Dysautonomia – One of the most common illnesses you NEVER heard of.
Dysautonomia is an umbrella term used to describe several different medical conditions that cause a malfunction of the Autonomic Nervous System. If you remember your biology, the Autonomic Nervous System controls the “automatic” functions of the body that we do not consciously think about. For example, heart rate, blood pressure, digestion, dilation and constriction of the pupils of the eye, kidney function, circulation and temperature control.
Dysautonomia is not rare.
Over 70 million people worldwide live with various forms. People who have dysautonomia have trouble regulating these systems, which can result in lightheadedness, fainting, unstable blood pressure, abnormal heart rates, malnutrition, and in severe cases, death.
People of any age, gender or race can be impacted. At this time, there is no cure. With many Covid patients now complaining of many autonomic nervous system dysfunctions, there is hope that there will be more research done to help those who suffer. Even with the high prevalence of dysautonomia, it took most patients years to get diagnosed due to a lack of awareness amongst the public and the medical profession. That is changing, and we are hopeful more doctors will begin treating and diagnosing patients with a form of autonomic nervous system dysfunction.
Here are some facts about Dysautonomia
- It is pronounced dis’-oughta-know’-me-uh.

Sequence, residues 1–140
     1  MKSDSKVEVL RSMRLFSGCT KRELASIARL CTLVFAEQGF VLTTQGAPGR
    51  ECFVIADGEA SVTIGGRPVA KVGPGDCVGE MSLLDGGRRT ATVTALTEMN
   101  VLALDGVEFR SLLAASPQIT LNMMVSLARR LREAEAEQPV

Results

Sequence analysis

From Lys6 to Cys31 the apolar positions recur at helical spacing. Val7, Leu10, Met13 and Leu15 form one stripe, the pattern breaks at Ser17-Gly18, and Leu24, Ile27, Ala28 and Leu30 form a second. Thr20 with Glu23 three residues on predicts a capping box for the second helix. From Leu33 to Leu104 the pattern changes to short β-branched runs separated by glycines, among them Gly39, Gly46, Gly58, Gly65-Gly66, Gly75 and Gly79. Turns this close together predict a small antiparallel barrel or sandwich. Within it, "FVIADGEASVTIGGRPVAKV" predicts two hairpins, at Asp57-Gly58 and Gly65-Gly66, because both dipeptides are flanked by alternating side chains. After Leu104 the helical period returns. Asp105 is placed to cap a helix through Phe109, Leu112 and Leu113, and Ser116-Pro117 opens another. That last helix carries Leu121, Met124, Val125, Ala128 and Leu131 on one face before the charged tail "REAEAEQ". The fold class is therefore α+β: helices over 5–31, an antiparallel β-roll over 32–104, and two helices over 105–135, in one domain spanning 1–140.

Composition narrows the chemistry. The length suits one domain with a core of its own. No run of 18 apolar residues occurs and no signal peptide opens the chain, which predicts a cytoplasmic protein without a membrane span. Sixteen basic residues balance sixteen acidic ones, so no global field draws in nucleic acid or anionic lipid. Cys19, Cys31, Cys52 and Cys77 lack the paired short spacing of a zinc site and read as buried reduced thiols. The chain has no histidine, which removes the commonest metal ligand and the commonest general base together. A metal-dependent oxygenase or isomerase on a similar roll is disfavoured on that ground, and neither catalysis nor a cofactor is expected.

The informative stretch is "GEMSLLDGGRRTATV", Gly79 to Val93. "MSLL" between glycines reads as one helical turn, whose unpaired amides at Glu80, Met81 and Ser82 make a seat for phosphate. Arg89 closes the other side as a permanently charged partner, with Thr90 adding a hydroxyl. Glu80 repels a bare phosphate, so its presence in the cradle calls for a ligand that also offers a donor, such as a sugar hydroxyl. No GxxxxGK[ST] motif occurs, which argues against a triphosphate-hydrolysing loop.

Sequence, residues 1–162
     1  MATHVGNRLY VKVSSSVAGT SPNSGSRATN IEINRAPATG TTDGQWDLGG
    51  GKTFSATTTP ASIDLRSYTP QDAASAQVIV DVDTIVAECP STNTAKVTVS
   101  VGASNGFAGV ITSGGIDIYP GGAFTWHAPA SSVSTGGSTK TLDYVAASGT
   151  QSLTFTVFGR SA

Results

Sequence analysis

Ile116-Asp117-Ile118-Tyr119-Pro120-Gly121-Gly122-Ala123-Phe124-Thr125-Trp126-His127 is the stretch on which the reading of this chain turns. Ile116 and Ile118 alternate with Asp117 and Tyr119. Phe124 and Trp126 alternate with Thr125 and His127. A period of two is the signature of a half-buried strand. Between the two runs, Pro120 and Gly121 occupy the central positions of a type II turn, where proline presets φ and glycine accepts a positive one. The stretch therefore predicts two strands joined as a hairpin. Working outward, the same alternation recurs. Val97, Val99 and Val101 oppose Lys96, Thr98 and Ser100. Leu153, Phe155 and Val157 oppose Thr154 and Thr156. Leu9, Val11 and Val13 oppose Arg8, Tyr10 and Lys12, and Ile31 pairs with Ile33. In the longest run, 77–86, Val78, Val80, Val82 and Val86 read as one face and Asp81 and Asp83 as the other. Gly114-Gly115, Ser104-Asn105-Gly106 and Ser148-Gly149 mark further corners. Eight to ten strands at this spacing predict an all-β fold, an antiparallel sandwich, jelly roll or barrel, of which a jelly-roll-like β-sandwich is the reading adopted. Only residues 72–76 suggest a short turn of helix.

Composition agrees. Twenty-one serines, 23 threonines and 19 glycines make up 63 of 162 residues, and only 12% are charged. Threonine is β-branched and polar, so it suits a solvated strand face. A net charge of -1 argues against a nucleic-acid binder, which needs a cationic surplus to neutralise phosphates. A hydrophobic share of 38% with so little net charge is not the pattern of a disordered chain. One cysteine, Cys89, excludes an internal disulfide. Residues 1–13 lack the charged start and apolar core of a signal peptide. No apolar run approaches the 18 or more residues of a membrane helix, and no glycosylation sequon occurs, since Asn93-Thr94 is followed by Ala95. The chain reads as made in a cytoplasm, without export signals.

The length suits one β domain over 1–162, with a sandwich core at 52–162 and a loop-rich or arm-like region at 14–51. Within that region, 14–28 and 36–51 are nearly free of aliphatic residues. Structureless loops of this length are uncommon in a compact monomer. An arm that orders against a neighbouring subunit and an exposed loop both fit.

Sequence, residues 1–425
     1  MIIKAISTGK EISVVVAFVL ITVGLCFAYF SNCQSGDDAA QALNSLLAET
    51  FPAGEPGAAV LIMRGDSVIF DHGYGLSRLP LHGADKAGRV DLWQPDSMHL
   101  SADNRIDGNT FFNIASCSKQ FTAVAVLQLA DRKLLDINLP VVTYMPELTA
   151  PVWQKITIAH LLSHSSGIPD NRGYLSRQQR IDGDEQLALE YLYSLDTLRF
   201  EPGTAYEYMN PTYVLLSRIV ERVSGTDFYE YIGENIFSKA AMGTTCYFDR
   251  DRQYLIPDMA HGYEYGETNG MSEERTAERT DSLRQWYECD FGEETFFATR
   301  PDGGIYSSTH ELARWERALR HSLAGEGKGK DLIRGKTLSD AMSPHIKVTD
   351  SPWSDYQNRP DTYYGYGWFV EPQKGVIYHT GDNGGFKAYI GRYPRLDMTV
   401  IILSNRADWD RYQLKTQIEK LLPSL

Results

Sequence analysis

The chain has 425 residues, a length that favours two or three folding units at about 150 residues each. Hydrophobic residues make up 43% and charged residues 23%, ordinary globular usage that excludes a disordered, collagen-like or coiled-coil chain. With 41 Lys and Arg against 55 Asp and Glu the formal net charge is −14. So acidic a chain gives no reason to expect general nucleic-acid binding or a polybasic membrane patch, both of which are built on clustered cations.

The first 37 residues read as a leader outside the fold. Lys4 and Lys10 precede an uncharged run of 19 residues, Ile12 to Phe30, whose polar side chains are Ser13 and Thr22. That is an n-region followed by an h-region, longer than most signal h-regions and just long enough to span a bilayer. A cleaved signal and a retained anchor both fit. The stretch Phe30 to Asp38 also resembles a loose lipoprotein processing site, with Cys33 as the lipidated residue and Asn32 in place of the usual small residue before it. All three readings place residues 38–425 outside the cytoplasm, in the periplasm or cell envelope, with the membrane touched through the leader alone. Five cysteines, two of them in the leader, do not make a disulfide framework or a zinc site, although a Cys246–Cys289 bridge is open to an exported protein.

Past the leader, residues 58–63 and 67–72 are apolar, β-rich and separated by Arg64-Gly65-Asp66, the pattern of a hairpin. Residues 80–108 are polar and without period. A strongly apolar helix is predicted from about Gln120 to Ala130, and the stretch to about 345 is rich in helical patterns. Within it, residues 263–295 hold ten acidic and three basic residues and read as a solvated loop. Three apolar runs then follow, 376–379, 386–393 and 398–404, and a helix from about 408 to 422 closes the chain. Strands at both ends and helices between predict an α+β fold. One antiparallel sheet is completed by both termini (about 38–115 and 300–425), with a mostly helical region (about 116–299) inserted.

- Dysautonomia is a group of neurological conditions that impact over 70 million people around the world.
- It means “dysfunction” of the “autonomic nervous system.” The autonomic nervous system controls all of your involuntary bodily functions like your heart rate, breathing, maintaining proper blood pressure, digestion, sleep cycles, body temperature control, sweating and more.
- There are many different types, including, but not limited to, neuro-cardiogenic syncope, postural orthostatic tachycardia syndrome, inappropriate sinus tachycardia, orthostatic hypotension, autoimmune autonomic ganglionopathy, pure autonomic failure, and multiple system atrophy.
- It can also occur secondary to other diseases. Diseases that commonly cause autonomic nervous system dysfunction include all types of diabetes, Sjögren’s syndrome, celiac disease, multiple sclerosis, and Parkinson’s.
- Due to the malfunctioning of the autonomic nervous system in people with dysautonomia, symptoms can include tachycardia (a heart rate that is too fast) or bradycardia (a heart rate that is too slow). Poor blood flow to the heart, brain and other organs. Chest pains, lightheadedness, fainting, nausea, even a gastrointestinal tract that moves too fast or too slow. Blood pooling in the extremities, shaking, too much or too little sweating. Cognitive impairments (“brain fog”), headaches, and much more.
- Dysautonomia comes with a wide range of disability – from mild, to very disabling, to death in rare cases. While some patients can continue with work, school and social activities, many cannot, even with the best treatment currently available.
- Some dysautonomia patients will get better over time, by either learning to manage their symptoms better, or by actually recovering from the illness. However, some remain sick with dysautonomia indefinitely, and some progressively get worse.
- Many dysautonomia patients experience years of diagnostic delay, and have difficulty finding physicians to treat their dysautonomia once they are diagnosed, because most doctors have not received training on how to diagnose and treat autonomic nervous system disorders.
- Dysautonomia International is the leading non-profit that advocates for individuals living with
dysautonomia through research. Learn more here – www.dysautonomiainternational.com
Many people know that October is the PINK Month of Breast Cancer Awareness. Our hope is that October will also be know as Turquoise, for the awareness of Dysautonomia.